Sometimes, the physical pace of a fight—the raw locomotion of it—slows without the contest itself slowing: the moments between commitments on the part of one or both fighters filled to overflowing with calculation, and the often subtle muscular nascences which begin such commitments to strike, shoot for the takedown, or otherwise. MacDonald vs. Thompson was this kind of fight, and it was beautiful to watch. MacDonald’s first Imanari roll attempt in round one lent his offense an air of creative unpredictability early on, at least in terms of grappling. Thompson’s offense on the feet, meanwhile, was as unpredictable and blitszy as always: switch kicks, spinning back kicks, the works. One aspect of this fight I didn’t anticipate enough going in, for which I have little excuse in hindsight, was Thompson’s speed advantage; not just his darting in and out of range as mentioned in my preview, but his hand speed outright. Even with feet planted, Thompson’s fists darted around MacDonald’s like wasps. MacDonald landed several clean shots of his own in the fight, but proportionally few. Most of the fight, for MacDonald, was spent simultaneously walking Thompson down and failing to find an answer once he got into preferred range.
Thompson’s elusiveness comes not just from his eluding his opponent but through his ability to abruptly turn on the heat, boxing-wise, as soon as a clinch situation arises: he unloads several short, taut cracks to his opponent’s face and collar area, using the extension of his arms during the last of these strikes to push himself away and back into kicking range (Wonderboy needs much less room than other, less talented kickboxers). By the end of the penultimate round, Thompson had established the chess match, on the feet at least, to be over. It may sound paradoxical, then, to say that The Red King’s best offensive moves came in this round—Thompson being caught with a notable right hook, in particular, and a horizontal elbow to the brow-line. Nevertheless, it seemed Rory’s only viable option for the final round would be takedowns, but because Thompson had already successfully defended them throughout the preceding rounds, this option was only promising for Rory because it was still, unfortunately, more promising than the alternatives.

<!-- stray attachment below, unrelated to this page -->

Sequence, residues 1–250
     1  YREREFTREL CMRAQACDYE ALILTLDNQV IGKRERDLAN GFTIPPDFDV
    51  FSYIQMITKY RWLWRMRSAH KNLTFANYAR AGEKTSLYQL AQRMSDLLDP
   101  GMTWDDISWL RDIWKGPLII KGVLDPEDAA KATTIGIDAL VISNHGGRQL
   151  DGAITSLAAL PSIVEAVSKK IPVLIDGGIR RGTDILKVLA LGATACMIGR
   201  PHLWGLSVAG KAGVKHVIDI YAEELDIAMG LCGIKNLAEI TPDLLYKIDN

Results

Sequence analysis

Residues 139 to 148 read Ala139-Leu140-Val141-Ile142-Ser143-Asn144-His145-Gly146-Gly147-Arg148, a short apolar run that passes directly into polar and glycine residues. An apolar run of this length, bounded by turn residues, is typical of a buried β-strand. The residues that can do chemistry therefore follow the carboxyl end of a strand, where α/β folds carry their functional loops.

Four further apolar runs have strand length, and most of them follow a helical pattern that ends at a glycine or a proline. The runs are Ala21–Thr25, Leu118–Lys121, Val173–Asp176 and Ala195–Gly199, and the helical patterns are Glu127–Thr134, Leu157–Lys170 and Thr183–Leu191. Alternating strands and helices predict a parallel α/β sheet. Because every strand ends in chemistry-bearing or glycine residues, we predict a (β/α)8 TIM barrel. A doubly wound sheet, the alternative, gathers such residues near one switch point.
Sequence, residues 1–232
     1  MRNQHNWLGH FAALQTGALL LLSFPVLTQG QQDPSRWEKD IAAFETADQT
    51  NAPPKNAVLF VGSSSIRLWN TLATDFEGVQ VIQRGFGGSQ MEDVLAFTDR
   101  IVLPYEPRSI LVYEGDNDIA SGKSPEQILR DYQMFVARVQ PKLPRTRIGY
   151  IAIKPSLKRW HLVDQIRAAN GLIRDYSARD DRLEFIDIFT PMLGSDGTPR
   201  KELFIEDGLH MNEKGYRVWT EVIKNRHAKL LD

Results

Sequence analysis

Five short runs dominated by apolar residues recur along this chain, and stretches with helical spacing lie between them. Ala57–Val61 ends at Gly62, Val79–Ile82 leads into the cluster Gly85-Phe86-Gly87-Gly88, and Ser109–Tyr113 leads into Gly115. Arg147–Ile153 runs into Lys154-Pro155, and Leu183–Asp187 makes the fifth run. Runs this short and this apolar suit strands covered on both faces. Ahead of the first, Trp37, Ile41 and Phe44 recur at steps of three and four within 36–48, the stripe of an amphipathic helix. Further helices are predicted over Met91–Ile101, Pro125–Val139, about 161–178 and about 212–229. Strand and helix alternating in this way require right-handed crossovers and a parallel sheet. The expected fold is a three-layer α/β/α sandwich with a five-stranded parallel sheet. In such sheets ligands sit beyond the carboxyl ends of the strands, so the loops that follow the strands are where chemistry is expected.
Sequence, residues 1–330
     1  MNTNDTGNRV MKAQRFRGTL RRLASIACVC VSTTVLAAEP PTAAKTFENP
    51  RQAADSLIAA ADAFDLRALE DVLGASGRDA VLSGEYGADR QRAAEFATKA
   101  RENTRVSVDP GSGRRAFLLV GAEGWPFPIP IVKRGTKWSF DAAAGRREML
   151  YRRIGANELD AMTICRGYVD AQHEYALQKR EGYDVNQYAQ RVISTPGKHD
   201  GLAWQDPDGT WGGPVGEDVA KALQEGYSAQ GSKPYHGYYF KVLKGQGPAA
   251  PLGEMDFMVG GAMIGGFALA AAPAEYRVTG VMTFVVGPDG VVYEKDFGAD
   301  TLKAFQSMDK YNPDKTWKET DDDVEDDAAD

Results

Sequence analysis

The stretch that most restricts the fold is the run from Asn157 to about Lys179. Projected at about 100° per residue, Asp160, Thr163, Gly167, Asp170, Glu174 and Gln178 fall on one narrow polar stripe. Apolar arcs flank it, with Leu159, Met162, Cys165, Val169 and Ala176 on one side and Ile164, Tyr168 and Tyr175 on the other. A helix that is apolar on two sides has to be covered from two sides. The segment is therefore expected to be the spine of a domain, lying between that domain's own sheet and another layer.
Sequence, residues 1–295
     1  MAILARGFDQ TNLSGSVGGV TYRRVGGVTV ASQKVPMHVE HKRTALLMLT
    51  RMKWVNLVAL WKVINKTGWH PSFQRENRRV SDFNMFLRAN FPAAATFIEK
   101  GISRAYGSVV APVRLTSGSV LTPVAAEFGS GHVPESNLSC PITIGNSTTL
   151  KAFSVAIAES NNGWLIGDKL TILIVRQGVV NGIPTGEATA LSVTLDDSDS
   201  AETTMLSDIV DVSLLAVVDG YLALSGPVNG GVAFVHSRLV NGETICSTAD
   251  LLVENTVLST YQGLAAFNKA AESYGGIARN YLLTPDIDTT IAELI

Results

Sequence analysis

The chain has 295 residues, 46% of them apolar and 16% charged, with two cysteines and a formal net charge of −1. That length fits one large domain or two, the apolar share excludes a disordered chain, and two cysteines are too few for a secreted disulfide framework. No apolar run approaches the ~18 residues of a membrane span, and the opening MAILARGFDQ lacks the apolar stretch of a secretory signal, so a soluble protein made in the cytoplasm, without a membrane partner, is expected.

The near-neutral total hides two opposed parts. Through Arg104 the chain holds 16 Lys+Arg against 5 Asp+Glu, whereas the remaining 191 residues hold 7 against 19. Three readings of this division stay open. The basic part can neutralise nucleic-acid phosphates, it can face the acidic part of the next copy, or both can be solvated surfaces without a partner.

As a way to brute force his way into closer range, MacDonald had, midfight, begun to walk straight towards Thompson with his arms shielding alternating sides of his head—but while this strategy allowed him his significant strikes in round five, it led to counter-strikes, one of which re-broke MacDonald’s nose and fauceted blood down his torso and legs. This, really, was the early bell-toll of Thompson’s unanimous decision.
Before (and including) this main event, Canadian fighters reaped a mix of wins and losses through the night. Randa Markos, Elias Theodorou, Misha Cirkunov, Jason Saggo, Olivier Aubin-Mercier, Steve Bossé all left victorious. But, much more so than MacDonald, the two other Canadians who didn’t didn’t in ugly fashion: Létourneau, who I wanted to win, was finished on her feet after a series of body blows, wardrobe and officiating bizarrities (though like seemingly few commenters, I can understand the referee’s confusions during that bout); Côté, who I not only wanted but thought would win, was dominated, nearly finished twice, and eventually finished for real by a more impressive Cerrone than I’ve personally ever seen.
Côté is now one for two in his past two fights, and I’m sure we’ll see him collect another win soon, but I’m worried for Létourneau. She’s zero for two, both losses brutal but this latest one humiliating also. I don’t know where she goes from here, as she’s now lost in two distinct weight-classes, but any succession of losses this devastating does not bode well for her future. Physical toll aside, where and how will she find the confidence going into her next fight? The last thing she’ll need is more turbulence after these past eight months, but I’m not sure how she will possibly find a way to avoid it.
These stings aside, UFC Fight Night 89: MacDonald vs. Thompson was an excellent night of fighting capped off by one of the most intriguing—and therefore enigmatic—match-ups we’ve ever seen. And unlike the audience in attendance, if you avoided sketching out a silhouette for it ahead of time, you probably enjoyed it as much as I did. It wasn’t the UFC at its best (such as, recently, UFC 189 and 199), but it had moments which were—and really, that’s no injuring criticism.